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Darwin Dentistry Part 2

In a 1994 book, Why We Get Sick: The New Science of Darwinian Medicine the authors, Nesse and Williams, suggest that as humans have evolved they have become more susceptible to disease for a variety of reasons. Mainly coevolving with pathogens and genome mismatch to modern environment as the two big ones. Research suggests that dental caries has co-evolved with humans since they migrated out of Africa eons ago and even accelerated with the introduction of agriculture of refined grains and sugars.

It has been reported by anthropologists for some time now that human craniofacial volume has been decreasing since the adoption of agriculture to the human diet and rapidly since the 18th century in Western Europe. The results produce an increase in dental crowding and malocclusion. Comparing craniofacial volumes of the 15th or 16th centuries to modern volumes reveals jaws and faces simply do not grow to the size they used to.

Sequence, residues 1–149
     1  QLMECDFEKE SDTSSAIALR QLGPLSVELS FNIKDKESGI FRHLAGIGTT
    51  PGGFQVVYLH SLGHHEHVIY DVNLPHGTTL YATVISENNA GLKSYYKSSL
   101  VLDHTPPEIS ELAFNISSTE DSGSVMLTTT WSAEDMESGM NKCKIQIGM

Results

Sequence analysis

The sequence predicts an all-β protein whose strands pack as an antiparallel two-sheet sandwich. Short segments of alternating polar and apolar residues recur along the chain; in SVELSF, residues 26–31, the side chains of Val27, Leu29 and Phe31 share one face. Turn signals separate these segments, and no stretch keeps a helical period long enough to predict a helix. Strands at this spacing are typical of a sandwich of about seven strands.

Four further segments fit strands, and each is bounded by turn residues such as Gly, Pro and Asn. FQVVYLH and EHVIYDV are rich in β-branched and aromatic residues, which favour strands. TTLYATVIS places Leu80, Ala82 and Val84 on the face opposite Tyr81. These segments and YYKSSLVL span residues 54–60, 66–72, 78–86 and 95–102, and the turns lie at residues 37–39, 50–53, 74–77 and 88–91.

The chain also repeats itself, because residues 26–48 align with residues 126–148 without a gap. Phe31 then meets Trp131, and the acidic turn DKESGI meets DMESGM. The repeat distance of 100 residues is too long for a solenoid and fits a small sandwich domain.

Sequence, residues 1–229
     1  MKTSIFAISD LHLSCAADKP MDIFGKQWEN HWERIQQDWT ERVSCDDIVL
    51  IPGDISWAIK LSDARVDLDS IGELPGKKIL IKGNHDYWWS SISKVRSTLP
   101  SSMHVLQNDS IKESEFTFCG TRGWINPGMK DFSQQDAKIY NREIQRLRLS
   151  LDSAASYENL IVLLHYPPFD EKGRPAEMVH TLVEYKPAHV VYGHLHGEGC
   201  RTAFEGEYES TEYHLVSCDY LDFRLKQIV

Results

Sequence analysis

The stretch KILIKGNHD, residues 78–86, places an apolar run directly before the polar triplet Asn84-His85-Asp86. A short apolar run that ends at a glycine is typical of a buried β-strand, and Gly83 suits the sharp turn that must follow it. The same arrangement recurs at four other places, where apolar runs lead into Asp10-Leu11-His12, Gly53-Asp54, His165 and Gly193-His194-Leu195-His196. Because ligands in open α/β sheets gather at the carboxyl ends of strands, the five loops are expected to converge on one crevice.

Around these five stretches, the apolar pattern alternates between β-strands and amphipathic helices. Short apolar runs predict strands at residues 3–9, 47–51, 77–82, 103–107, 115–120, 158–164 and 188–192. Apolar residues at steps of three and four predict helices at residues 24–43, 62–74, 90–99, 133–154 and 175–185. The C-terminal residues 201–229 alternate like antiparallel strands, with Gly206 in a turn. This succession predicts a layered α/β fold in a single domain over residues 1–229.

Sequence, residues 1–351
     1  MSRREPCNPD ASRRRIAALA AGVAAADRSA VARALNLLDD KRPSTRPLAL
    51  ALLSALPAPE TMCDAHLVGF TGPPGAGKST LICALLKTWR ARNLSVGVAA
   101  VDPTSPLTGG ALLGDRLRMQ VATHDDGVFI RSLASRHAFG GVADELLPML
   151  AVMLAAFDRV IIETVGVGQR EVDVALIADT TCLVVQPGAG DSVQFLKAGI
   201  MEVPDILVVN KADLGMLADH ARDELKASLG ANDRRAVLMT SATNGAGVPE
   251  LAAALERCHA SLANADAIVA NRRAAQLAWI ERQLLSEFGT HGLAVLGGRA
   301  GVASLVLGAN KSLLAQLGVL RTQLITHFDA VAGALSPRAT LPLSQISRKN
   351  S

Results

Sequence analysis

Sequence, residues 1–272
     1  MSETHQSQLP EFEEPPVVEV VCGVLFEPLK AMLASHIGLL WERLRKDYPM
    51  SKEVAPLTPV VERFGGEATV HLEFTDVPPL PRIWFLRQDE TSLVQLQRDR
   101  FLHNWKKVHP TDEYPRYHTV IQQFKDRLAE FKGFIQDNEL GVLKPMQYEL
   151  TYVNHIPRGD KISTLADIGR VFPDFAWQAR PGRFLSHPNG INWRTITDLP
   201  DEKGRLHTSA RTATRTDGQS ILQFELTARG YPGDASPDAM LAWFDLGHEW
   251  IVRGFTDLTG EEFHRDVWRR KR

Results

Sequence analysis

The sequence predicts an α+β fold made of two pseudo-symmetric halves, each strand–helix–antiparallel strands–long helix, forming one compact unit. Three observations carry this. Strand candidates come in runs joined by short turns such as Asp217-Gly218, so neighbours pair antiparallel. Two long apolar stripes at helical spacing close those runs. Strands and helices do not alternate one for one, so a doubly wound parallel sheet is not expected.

Along with decreasing craniofacial volumes researchers are seeing a trend of increased diseases such as coronary heart disease and diabetes also mirroring the rise of agriculture. It’s reasonable to conclude then that malocclusions and maligned teeth are a result of environmental influences on humans rather than genetics.